The Hartleys argue third that the city council was without jurisdiction to hold the November 26 hearing because it failed to provide notice of the hearing to members of the public other than the parties. We do not agree. The Hartleys did not raise a timely objection to the meeting on that ground. They raised this argument for the first time in their brief to the district court, which properly characterized the claim as having been waived. Moreover, the facts of this case show no prejudice resulting from lack of notice to other members of the public. The parties had actual notice of the November 26 hearing for almost three months. They had ample time to gather witnesses and evidence. The hearing had been scheduled to accommodate the parties. Neither party argued that witnesses could not be obtained as a result of lack of notice. In this case, we conclude that failure to provide notice to other members of the public did not deprive the city council of jurisdiction to hold the November 26 hearing.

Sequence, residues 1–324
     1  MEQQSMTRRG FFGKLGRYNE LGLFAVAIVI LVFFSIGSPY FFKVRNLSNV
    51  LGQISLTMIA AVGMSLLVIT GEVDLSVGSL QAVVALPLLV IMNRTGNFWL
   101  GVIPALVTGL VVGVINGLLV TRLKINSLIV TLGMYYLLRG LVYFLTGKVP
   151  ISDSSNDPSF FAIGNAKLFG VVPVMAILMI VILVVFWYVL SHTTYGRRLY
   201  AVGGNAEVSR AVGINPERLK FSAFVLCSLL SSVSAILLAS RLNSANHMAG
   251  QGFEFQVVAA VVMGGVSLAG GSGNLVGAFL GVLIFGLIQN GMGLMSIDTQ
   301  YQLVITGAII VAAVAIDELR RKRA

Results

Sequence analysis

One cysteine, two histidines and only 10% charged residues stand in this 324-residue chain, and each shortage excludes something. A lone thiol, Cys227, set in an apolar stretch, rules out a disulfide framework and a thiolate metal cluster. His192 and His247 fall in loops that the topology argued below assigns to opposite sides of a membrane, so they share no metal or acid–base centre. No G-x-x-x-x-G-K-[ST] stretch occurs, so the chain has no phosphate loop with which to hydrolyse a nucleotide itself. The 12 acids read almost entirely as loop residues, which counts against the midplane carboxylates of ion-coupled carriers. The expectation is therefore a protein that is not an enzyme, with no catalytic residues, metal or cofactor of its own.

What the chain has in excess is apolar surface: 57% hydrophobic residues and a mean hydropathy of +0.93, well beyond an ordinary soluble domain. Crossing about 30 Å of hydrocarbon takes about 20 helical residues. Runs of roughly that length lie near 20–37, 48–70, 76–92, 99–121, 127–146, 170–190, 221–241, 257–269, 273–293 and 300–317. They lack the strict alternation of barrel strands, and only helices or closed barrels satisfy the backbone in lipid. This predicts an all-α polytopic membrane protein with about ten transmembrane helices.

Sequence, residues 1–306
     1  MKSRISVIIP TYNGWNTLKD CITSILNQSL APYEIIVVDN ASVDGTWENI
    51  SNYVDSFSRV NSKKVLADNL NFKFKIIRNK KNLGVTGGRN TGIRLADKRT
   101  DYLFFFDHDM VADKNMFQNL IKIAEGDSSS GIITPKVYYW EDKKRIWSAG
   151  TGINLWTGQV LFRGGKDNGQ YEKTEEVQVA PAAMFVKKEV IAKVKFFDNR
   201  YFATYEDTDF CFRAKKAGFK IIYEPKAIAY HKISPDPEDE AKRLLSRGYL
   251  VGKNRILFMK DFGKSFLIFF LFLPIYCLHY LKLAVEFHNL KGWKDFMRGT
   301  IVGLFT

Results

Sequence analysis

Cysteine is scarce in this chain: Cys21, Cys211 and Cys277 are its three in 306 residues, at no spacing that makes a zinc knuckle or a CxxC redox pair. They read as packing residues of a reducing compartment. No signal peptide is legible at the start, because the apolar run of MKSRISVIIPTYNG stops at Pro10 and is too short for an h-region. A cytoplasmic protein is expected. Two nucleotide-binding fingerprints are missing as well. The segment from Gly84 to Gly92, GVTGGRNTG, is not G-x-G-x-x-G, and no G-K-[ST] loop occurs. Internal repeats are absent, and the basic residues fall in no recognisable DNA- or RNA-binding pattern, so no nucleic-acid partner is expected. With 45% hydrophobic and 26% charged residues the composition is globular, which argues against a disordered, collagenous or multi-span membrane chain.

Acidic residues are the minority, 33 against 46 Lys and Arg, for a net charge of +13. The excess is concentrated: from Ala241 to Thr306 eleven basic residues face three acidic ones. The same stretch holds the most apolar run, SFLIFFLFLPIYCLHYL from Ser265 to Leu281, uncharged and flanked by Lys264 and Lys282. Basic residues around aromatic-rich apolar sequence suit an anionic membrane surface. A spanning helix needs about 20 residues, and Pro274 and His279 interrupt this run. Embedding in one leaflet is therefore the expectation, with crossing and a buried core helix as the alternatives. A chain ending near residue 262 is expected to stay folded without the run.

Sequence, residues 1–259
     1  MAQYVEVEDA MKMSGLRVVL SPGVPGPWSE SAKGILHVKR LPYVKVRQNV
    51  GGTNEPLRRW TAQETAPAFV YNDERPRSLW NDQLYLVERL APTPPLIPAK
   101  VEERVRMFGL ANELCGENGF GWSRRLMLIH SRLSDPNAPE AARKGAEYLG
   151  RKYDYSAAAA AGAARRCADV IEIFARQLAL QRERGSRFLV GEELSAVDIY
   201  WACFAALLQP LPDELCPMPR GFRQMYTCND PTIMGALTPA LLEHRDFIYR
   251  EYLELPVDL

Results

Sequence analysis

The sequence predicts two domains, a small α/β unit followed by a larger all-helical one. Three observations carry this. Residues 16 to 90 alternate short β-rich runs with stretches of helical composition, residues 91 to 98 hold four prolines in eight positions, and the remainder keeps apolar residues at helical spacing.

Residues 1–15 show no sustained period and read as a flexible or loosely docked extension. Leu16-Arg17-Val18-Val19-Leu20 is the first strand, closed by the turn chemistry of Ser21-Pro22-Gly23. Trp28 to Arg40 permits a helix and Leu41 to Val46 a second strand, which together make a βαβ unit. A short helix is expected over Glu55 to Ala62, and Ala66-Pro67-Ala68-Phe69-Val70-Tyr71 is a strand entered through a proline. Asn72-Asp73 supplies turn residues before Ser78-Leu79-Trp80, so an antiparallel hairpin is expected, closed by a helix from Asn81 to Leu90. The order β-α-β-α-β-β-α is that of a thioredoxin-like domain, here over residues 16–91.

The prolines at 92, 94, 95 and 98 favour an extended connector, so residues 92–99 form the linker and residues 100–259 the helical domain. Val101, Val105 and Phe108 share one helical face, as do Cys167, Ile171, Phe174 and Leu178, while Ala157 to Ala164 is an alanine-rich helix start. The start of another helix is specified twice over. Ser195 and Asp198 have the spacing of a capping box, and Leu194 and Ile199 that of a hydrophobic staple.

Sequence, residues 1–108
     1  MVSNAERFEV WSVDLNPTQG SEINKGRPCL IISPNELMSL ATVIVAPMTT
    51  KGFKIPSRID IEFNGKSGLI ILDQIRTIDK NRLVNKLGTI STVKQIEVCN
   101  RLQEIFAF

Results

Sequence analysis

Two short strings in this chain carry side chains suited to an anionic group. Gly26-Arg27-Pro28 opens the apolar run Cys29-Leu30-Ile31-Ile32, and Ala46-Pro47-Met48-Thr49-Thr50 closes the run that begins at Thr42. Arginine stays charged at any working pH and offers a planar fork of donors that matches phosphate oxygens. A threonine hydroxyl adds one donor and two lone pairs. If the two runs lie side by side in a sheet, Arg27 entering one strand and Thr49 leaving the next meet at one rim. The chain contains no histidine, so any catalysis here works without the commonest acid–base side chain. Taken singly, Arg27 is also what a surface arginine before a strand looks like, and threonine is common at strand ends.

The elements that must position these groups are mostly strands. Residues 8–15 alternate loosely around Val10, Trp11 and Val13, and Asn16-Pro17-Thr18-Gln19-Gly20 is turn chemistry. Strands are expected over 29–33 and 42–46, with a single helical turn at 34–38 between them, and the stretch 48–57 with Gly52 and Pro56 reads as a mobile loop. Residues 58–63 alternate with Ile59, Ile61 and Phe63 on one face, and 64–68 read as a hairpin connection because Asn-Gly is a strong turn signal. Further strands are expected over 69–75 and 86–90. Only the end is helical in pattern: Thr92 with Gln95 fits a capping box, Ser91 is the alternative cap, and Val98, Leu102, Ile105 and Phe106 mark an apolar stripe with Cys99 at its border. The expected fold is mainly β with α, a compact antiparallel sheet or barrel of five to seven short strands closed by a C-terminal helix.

Having decided that the November 26 decision of the city council was not procedurally defective, we turn to the Hartleys' substantive allegations.

III.

The Hartleys argue that the city council abused its discretion by failing to consider whether the Hartleys intended to abandon their nonconforming use. They argue that, under Corper v. City & County of Denver, 36 Colo.App. 118, 536 P.2d 874 (1975), aff'd, 191 Colo. 252, 552 P.2d 13 (1976), intent to abandon must be shown in determining whether a nonconforming use has been discontinued. The Hartleys contend that the evidence shows that they did not intend to abandon their nonconforming use. In support of this, they point to the lease, which obligated the Wests to continue operating the wood and coal yard; to the business insurance policy the Hartleys maintained throughout the time they leased the property to the Wests; and to their periodic restocking of the wood and coal yard. The city argues that, under Wyatt v. Board of Adjustment-Zoning, 622 P.2d 85 (Colo.App.1980), proof of intent to abandon is not required when the zoning ordinance specifies a particular time period for terminating a nonconforming use. We conclude that the city council did not abuse its discretion in failing to consider whether the Hartleys intended to abandon their nonconforming use.

A.